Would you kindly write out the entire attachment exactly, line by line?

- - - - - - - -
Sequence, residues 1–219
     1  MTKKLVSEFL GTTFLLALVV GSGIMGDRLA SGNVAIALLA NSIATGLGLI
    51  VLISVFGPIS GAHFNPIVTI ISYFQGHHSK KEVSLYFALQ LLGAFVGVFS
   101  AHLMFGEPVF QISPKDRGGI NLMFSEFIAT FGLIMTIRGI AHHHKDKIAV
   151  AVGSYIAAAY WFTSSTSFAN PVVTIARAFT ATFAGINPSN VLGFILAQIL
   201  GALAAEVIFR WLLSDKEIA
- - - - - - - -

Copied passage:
Sequence, residues 1–219
     1  MTKKLVSEFL GTTFLLALVV GSGIMGDRLA SGNVAIALLA NSIATGLGLI
    51  VLISVFGPIS GAHFNPIVTI ISYFQGHHSK KEVSLYFALQ LLGAFVGVFS
   101  AHLMFGEPVF QISPKDRGGI NLMFSEFIAT FGLIMTIRGI AHHHKDKIAV
   151  AVGSYIAAAY WFTSSTSFAN PVVTIARAFT ATFAGINPSN VLGFILAQIL
   201  GALAAEVIFR WLLSDKEIA